Photo Credit: Sergei Belski-USA TODAY Sports

Flames 7, Coyotes 1 post-game embers: Stop, stop, they’re already dead

Sometimes, a really good team plays a mediocre-to-bad team (depending on how much stock you want to take into said team’s rather sizeable injury list) on the second of a back-to-back. This was about the result one could expect.

Feel of the game

From the start, it felt like it was the Flames’ game to lose, and really, it was. After all, when it takes the opponent over half a period to get their first shot of the game, and on a powerplay nonetheless, well, that’s probably a sign that you’re in control. Mike Smith came up big with some saves, and the Flames weathered it out until Mark Giordano was able to open the scoring late in the first. And then Sean Monahan made it 2-0 just over a minute later and, well, that was pretty much it.

The Coyotes had their fair share of almost chances but couldn’t get anything going for themselves; the Flames had their stronger share of chances and capitalized on many of them. They were cruising, and there was nothing the Coyotes could do to stop it: not even a late second period goal gave them much life, because then they were still headed into the third period facing a three-goal deficit, and the Flames just didn’t turn off the pressure.

The Flames played a complete game, and the result was a tired, lesser opponent getting crushed.

The good news

Expectations don’t always match up with reality. In their previous game, the Flames faced a Panthers team on the second of a back-to-back: another tired team near the bottom of the standings. They played a horrible first period before coming away with a win. This time, the Flames were ready from the beginning. Maybe it’s the extended home stay, maybe it’s the message that they can’t rest on their laurels, but the Flames didn’t really take any part of the game off, which is something we haven’t seen much of lately. At the very least, it’s an encouraging sign going forward.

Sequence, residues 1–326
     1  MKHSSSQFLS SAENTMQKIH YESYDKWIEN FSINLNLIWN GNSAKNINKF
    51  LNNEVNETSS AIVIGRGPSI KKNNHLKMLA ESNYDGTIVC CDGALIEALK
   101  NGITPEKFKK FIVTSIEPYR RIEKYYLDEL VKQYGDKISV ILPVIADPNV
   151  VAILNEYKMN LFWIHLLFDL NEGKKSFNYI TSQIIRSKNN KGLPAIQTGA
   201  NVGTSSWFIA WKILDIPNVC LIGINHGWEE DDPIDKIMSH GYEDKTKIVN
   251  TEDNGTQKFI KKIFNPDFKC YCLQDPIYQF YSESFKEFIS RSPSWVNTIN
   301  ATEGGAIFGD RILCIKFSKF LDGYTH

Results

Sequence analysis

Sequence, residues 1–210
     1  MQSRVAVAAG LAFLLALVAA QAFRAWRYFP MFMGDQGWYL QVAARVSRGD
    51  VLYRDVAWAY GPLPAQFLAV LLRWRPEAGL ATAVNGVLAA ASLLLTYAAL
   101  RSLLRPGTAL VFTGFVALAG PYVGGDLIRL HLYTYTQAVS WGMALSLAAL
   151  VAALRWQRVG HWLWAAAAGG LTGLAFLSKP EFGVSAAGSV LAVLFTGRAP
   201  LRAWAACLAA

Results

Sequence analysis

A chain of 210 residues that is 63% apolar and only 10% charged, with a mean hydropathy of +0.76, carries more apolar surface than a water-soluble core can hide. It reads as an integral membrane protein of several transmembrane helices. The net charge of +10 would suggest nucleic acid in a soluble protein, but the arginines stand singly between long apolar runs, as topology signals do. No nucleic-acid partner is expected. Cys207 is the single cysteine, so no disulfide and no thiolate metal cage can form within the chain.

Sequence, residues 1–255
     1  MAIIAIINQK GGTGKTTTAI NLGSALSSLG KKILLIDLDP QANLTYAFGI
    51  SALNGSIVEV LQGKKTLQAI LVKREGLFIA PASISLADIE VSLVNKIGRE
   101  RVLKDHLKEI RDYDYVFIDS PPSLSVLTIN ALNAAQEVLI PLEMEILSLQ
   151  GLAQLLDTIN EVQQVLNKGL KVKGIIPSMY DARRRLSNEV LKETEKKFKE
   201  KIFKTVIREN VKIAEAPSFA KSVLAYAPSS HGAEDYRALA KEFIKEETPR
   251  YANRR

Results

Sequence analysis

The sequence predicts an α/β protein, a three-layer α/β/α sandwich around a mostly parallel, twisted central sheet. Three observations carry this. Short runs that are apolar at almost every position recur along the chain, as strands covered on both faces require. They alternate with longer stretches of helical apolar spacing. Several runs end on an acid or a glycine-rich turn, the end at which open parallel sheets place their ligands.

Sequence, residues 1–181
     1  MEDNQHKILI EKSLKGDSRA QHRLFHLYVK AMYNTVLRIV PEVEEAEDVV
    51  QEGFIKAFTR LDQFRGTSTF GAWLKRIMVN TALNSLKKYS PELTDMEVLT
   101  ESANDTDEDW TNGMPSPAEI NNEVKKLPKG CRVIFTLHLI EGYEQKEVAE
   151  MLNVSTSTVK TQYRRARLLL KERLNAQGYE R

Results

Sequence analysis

Giordano continues to show just why he’s a Norris caliber defenceman, and as a 35-year-old playing his 800th career game no less. It wasn’t just the goals – although those shots were beauties – but things like when, before he opened the scoring, he was largely in control as he, TJ Brodie, and the team’s second line buzzed with some serious offensive zone time that could have been the team’s first goal then and there. He’s deft, he does the little things right, and then he has the athleticism and strength to back it all up and turn it into something tangible. He’s one of the rare, truly special ones.

You’ve gotta love all four lines getting in on the scoring. Garnet Hathaway was the only Flame who didn’t pick up a point; everyone else did. The top line showed off, as they are wont to do. The second line made a bunch of smart plays, as they are wont to do. The third line wasn’t as noticeable as they were against the Panthers, but it’s not as though they were a negative impact, either. And the fourth line opened the scoring and got in more minutes than normal in a pretty big night for them.